Make no mistake: "Argo" campaigned for nominations with parties, like a pre-nominations cocktail reception featuring Affleck and producer George Clooney. "I've been wined and dined sitting next to Martin Scorsese at the Bel-Air Hotel. You go to the lunches! They're awesome! It doesn't change the way I feel about a movie just because I had some Wolfgang Puck," said Spheeris.
But "Argo's" campaign heated up through advertising, including a big push, Spheeris noted, after the Golden Globe win. In the final campaign push, Warner Bros. bought a half-hour of prime-time television to promote "Argo," which included interviews with Affleck and Mendez.
The sympathy for Affleck hasn't gone unnoticed by Hollywood. Mark Harris, a veteran Hollywood journalist married to "Lincoln" writer Tony Kushner (who'll be facing off against "Argo" writer Chris Terrio in the Best Adapted Screenplay category) has tweeted sarcastically about Affleck's front-runner status for best picture and perceived "snub" for best director on several occasions.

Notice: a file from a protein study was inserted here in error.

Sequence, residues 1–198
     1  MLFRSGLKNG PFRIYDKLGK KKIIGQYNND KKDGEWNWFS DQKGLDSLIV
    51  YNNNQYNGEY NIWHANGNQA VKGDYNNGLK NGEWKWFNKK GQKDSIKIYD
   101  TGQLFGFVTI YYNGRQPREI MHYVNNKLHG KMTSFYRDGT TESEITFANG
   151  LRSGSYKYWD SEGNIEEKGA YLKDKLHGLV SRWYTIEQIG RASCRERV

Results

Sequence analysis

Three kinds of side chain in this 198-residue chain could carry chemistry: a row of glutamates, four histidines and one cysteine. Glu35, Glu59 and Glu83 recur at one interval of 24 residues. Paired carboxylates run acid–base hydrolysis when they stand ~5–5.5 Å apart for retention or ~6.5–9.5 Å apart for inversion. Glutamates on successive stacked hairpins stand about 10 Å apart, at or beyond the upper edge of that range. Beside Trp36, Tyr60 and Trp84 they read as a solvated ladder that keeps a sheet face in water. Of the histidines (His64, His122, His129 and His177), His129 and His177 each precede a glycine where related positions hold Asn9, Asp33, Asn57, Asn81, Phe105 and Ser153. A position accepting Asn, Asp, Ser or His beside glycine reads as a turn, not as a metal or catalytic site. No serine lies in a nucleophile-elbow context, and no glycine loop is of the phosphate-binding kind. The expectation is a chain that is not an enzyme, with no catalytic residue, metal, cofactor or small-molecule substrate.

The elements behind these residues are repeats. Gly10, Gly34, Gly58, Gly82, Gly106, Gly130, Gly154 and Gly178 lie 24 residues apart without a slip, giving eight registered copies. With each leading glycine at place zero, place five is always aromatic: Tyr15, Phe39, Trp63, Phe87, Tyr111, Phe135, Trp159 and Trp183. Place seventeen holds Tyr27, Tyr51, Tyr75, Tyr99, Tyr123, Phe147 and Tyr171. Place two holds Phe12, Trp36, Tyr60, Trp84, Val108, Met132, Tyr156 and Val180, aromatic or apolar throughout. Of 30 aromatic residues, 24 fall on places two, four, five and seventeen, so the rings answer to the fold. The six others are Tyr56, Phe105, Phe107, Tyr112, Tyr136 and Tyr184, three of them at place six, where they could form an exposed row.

But others are inclined to sympathize with Affleck. "Paradoxically, I think the snub was so outrageous it may have created the momentum this year," said Obst, the Academy member.
The financial incentive for minting a best picture winner is obvious: Affleck, whose previous film "The Town" was also produced by Warner Bros., clearly has a future with the studio (he's been reportedly in talks for various WB marquee parts). And a best picture win means a long future of making money through streaming and on-demand: Back when Netflix was primarily a disc-rental service, its top DVD was "Crash," a surprise best picture winner whose campaign was managed by the "Argo" team.
And careful management of that strategy has helped. When we placed a request to speak to "Argo" screenwriter Chris Terrio for a Q&A, we were asked by the PR firm Warner Bros. has contracted to provide our specific questions in advance. "I need to know exactly what you would want to talk about," said the flack. "I want to make the case that this will be a serious piece and not look to hurt 'Argo' at all." Terrio was interviewed by the Wall Street Journal and spoke about his relationship with Mendez and his rise from obscurity, which sounds a bit like Affleck's career doldrums.
Karl Rove couldn't do a better job getting a candidate on-message.